The Visual Image is at the Core of Activism, even against Fascism: Adrita Das

The incredible lightness of seeing: Exploring humour and activism in the art of Adrita Das

Avani Tandon Vieira

Ardita Das
Adrita Das

In 1956, the Whitechapel Art Gallery in east London organised an exhibition called This is tomorrow. Coming a decade after the end of World War two, the show soughtto imagine the future of post-war Britain, inviting artists to present their visions for the nation that would be.  For British artist Richard Hamilton, this future presented itself as a collage, intriguingly titled Just what is it that makes today’s homes so different, so appealing?

For his contribution to the exhibition, Hamilton combined disparate images from American magazines to create a piece that was jarring in its artistic choices. In a living room from Ladies Home Journal, he placed a body builderand a burlesque dancer undera picture of planet earth. Around them was a strange mixture of objects – tape recorders and televisions, photographs and portraits. The sense of congestion that this generated was deliberate, pointing to the intensely consumerist spaces that were coming to characterize the Britain he experienced. Hamilton’s piece would become iconic for the pop-art movement, not just for what it said, but also how it chose to say it – drawing from distinct visual registers to create what was almost a new language of images.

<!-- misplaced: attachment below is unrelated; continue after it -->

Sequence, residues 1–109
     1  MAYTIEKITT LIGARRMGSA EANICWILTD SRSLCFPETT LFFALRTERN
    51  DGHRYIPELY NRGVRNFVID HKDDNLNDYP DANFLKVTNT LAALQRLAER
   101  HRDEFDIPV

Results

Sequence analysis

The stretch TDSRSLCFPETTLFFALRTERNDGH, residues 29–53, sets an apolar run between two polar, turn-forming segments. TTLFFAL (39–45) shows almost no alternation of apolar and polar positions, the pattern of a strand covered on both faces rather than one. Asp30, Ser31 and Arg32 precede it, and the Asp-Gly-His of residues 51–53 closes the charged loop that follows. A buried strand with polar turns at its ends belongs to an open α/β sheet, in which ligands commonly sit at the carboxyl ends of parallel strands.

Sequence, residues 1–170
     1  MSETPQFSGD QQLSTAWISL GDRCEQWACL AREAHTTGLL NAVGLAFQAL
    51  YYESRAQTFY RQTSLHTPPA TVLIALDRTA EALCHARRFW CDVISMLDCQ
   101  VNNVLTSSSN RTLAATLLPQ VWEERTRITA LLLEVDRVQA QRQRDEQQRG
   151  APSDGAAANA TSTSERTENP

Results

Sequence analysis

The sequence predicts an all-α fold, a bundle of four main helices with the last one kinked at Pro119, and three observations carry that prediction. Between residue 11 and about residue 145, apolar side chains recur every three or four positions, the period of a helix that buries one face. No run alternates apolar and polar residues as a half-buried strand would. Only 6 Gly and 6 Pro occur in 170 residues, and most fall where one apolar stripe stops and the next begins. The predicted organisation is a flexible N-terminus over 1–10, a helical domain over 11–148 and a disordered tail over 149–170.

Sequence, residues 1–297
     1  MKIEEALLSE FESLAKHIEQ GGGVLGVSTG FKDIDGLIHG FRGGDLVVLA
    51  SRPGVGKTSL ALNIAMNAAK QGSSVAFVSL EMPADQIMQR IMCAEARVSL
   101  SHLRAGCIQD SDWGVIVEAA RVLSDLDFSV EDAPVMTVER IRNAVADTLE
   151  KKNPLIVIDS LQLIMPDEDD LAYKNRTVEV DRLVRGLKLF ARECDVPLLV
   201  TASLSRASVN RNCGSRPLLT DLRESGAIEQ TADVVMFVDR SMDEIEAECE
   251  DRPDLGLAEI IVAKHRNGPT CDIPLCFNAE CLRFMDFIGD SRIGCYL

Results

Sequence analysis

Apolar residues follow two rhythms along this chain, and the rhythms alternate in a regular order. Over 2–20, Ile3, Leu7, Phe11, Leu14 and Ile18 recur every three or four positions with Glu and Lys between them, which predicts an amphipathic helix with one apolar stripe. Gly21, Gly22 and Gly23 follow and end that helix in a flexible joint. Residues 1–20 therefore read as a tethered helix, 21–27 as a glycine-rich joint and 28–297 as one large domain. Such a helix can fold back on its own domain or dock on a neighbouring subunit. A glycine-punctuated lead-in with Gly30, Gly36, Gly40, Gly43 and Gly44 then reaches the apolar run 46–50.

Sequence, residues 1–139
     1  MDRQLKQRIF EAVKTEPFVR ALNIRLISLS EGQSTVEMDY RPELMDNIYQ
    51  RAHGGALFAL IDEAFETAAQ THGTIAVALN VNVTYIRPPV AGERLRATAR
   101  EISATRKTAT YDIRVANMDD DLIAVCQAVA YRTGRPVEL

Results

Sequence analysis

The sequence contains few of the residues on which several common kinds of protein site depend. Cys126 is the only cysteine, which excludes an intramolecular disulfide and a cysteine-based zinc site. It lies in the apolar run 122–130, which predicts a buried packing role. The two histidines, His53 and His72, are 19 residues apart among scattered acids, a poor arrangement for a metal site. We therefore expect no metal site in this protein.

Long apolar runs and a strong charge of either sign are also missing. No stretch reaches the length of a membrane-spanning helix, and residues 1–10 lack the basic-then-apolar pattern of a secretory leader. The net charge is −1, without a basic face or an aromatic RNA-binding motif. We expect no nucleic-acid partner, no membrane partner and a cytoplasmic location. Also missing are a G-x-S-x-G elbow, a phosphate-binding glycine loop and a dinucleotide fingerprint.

Just what is it that makes today’s homes so different, so appealing?

Richard Hamilton, 1956
Over fifty years from Thisis tomorrow, the visually saturated environments that we experience continue to offer opportunities for seeing, and building, anew.

This is what Mumbai-based artist Adrita Das, of Das Naiz, accomplishes through her humorous, multi-layered representations of the places and times we live in. Das’s collages present selfie-taking Hindu Gods alongside Mughal queens at Black Lives Matter protests.

Her gifs imagine ‘60s models in the throes of existential angst and dictators in psychedelic rage, flitting between political commentary and humorous musings. Her work merges the old and the new, the sacred and the everyday, suggesting that the newness of unfamiliar visual meetings holds immense potential for querying our todays and tomorrows.

To understand the politics of her medium and process, I speak to Adrita Das about the role of the artist as activist, censor, and observer.